Toys in the hood

nayburzlogo.pngeneighborslogo.pngColorado has at least two startups vying for the eyeballs of you and your neighbor. I’ve covered eNeighbors (Longmont) once previously, and now Nayburz (Denver) wants to be the heavy on your block.

While the models are not exactly the same, both products aim to help you make friends with your neighbors. eNeighbors employs more of a “closed network” approach where the customer is really the community itself which in turn invites residents to join the network. In contrast, Nayburz takes the approach of defining a community (such as Denver) and then allowing users to meet each other across a connected web of neighborhoods.

So, the eNeighbors approach is to sell a community a tool that they can use to attract residents, improve the community, etc, like this:


eNeighbors started as a site offering customized communities for neighborhoods, and has recently released “version 2.0” which according to founder Chris Stock is more like a “Facebook for Neighborhoods” that is more template driven. eNeighbors now has about a dozen such communities as customers so far.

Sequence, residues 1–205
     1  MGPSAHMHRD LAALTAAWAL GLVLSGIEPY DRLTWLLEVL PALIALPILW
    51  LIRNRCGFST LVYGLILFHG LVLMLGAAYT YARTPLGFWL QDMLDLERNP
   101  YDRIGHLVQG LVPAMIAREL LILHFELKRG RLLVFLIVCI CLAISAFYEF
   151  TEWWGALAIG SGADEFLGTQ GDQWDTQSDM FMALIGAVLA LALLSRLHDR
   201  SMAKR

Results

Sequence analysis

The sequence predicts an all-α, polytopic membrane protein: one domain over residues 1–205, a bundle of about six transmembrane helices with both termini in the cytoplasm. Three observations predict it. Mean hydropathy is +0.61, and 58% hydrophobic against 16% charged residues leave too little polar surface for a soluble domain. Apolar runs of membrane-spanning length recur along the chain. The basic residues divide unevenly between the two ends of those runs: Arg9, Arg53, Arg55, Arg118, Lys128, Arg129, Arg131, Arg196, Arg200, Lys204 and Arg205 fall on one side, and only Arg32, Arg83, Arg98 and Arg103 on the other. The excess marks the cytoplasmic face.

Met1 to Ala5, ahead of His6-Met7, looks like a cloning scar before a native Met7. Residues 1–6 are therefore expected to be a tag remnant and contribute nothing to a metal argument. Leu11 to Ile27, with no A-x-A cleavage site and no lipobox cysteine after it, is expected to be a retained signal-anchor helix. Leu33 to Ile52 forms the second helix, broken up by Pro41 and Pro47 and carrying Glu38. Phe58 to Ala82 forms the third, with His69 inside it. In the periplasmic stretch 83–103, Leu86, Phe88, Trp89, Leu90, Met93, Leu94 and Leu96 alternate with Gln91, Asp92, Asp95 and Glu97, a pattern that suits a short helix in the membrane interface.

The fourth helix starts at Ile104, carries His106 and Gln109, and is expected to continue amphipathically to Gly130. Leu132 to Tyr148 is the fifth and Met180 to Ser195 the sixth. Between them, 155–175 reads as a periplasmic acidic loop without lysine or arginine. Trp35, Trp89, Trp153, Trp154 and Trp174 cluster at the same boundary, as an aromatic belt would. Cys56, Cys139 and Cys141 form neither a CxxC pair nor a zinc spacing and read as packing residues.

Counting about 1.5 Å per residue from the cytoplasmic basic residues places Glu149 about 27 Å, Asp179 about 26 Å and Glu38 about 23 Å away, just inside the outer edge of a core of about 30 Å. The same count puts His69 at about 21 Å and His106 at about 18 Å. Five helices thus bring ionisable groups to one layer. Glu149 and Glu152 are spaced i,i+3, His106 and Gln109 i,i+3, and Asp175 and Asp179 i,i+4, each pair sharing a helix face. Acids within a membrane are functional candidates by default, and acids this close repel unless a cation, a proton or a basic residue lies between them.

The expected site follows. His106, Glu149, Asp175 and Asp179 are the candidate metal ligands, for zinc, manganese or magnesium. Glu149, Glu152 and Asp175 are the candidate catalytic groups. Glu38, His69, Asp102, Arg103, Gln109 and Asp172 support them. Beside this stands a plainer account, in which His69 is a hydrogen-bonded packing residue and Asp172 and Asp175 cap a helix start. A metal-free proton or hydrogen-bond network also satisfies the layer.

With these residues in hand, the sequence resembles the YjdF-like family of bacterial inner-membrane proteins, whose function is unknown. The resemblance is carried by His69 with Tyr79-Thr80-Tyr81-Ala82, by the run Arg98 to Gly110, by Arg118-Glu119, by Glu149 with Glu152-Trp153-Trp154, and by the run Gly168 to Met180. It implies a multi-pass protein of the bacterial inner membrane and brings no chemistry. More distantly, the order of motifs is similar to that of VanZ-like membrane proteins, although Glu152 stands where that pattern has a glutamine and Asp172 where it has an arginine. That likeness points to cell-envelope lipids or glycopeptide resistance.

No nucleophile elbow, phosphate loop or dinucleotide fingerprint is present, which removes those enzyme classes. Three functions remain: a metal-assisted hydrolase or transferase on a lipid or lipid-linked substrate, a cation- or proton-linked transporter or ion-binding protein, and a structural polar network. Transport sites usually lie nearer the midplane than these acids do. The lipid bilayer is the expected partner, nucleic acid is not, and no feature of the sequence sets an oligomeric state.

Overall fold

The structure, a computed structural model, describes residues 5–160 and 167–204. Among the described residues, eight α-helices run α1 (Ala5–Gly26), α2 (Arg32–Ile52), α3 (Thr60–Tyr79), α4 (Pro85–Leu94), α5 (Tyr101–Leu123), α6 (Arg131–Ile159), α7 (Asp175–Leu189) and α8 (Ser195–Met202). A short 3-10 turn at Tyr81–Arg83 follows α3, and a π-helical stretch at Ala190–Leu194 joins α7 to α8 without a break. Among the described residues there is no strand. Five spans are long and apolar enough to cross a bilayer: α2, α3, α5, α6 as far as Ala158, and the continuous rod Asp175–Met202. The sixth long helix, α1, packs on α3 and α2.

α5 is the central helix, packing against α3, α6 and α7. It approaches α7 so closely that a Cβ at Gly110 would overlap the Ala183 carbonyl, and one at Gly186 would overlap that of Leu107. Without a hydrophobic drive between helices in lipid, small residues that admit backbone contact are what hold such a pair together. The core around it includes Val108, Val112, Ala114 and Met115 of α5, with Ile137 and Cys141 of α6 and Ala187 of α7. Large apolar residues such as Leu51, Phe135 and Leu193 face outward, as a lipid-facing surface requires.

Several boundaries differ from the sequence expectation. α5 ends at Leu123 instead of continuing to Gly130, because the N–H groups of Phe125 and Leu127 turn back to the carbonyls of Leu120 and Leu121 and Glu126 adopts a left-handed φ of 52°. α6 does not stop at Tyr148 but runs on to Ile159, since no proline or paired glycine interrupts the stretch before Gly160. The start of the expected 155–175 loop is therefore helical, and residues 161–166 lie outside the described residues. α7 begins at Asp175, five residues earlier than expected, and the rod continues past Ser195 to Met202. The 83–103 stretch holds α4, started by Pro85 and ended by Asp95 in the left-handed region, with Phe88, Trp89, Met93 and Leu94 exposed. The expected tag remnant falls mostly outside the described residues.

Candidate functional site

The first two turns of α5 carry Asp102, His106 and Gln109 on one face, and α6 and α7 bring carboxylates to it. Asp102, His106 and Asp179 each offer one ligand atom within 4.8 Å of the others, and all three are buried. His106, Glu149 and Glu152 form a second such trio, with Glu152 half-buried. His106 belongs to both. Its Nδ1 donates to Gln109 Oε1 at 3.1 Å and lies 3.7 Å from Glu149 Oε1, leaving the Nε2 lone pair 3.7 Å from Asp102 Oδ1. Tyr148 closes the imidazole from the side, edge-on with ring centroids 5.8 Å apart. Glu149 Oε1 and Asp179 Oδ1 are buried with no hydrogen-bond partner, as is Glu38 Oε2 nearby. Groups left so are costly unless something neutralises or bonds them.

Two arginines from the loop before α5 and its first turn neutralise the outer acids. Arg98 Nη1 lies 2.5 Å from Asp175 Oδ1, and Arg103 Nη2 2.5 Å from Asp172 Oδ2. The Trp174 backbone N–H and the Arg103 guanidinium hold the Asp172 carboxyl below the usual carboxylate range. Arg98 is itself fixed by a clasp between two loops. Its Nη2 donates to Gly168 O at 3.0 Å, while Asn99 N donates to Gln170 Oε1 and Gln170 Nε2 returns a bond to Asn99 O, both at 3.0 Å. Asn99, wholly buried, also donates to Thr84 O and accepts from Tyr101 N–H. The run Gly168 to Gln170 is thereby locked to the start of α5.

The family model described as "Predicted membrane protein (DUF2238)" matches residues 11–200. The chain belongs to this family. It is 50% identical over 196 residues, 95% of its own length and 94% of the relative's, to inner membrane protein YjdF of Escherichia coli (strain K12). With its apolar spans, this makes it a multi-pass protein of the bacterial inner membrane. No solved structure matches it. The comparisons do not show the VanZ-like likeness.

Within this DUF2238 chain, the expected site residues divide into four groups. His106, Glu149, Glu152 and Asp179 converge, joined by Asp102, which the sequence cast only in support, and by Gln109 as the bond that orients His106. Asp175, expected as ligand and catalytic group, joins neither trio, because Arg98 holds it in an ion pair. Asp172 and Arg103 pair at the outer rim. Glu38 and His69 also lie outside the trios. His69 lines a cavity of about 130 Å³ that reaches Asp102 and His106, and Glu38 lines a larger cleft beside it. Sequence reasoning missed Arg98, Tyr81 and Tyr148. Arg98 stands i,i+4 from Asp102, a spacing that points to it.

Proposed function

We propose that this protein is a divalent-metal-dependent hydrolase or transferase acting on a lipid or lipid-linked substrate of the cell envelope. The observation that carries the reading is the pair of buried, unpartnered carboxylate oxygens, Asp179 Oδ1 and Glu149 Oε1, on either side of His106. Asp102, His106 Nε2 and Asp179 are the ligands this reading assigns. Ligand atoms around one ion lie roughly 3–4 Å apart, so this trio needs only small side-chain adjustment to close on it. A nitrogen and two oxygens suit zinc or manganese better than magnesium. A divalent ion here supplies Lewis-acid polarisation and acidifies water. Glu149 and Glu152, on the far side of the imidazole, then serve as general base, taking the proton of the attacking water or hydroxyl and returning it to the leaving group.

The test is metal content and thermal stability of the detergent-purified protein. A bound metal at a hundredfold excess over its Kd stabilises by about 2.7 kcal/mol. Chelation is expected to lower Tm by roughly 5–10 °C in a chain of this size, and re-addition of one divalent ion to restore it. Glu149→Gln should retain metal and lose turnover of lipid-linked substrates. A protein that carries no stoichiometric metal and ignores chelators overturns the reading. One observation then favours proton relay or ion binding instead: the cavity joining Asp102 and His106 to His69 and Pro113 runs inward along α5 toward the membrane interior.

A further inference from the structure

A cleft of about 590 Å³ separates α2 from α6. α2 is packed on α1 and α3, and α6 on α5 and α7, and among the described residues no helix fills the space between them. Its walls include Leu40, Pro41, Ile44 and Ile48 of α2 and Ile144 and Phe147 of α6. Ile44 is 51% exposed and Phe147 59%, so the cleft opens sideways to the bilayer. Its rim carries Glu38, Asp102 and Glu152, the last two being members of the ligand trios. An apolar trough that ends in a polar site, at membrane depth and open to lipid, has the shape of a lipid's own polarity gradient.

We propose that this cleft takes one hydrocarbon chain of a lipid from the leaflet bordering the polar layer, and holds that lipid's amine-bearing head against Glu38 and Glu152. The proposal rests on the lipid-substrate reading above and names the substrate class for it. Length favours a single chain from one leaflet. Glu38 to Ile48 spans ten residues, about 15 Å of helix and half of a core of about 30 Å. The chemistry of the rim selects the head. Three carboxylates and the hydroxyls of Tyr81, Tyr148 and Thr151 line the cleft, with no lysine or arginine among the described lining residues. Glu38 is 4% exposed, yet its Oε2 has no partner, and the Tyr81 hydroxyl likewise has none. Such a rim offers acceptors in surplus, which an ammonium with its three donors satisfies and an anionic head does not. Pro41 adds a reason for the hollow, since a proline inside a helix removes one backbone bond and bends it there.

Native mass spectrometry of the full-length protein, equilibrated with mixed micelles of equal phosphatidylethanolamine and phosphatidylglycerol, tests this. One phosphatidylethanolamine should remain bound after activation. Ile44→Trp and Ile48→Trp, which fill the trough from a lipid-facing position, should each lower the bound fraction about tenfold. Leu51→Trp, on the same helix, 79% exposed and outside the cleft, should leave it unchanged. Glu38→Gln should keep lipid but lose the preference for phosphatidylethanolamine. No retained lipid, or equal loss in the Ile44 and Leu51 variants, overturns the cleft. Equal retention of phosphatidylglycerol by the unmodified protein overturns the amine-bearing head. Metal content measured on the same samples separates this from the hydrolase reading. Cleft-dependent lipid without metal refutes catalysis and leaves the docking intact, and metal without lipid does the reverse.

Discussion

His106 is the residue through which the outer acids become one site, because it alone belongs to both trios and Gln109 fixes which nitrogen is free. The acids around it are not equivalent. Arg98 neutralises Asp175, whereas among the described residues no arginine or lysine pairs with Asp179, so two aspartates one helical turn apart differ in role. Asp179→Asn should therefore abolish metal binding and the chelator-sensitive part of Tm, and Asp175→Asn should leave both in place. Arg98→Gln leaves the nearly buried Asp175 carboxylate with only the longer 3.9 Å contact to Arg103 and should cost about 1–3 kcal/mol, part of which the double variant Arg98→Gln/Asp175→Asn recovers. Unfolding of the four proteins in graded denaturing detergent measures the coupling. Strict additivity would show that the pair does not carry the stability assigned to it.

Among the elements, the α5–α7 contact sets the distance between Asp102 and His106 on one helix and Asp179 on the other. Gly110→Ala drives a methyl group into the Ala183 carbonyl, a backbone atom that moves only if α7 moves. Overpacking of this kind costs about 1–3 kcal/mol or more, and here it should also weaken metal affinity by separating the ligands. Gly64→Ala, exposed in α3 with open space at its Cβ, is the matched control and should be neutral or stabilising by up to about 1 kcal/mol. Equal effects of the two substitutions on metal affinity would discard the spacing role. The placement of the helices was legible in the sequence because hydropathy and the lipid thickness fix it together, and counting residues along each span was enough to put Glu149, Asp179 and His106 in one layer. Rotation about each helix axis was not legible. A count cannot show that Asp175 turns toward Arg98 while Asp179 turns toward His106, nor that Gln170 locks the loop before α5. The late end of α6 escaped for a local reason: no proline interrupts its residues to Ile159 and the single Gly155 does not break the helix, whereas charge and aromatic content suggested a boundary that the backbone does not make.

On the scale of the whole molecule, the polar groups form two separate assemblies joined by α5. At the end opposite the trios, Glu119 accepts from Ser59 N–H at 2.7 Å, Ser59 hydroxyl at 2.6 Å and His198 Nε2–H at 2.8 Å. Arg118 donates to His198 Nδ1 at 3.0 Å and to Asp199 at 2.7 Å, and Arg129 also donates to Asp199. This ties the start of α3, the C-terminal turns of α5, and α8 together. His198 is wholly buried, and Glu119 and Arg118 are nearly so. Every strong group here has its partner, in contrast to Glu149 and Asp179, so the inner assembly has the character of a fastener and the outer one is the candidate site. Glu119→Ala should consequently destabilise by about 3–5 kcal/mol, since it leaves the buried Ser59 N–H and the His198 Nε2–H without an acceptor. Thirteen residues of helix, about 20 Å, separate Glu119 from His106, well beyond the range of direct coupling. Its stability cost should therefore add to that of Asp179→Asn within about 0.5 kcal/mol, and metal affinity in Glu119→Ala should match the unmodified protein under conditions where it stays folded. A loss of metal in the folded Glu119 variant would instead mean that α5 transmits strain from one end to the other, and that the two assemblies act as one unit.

In contrast, Nayburz uses the concept of your “bubble” (area) that you belong to. You decide – this can be specific (such as a building) or generalized (such as downtown Denver). It looks more like this:


Nayburz has yet to launch, but plans to on August 1 and will focus specifically on Denver initially. Founder Paul Davis told me that the plan is to expand to other communities such as “Chicago, Minneapolis, Portland and Phoenix” in the next phase.

While the ideas behind these sites are certainly not new, there does seem to be a bit of a resurgence of social sites aiming to connect neighbors. Personally, I prefer the simple data-driven approach of sites like Fatdoor (assuming it would work in Boulder). Maybe that’s because I don’t really want to write on my neighbors metaphoric wall so much as find out who they are and what they’re all about, so I can decide who to bump in to next time I walk the dog.

From the user perspective, I think the place for sites like these might really exist inside of Facebook these days, where everyone is already hanging out – assuming they want to meet somebody new at all. Of course, there’s the Facebook problem staring you in the, um, face.

What ever happened to bribing your neighbors with cookies and getting off your ass, anyway?

file under: Blog, Startups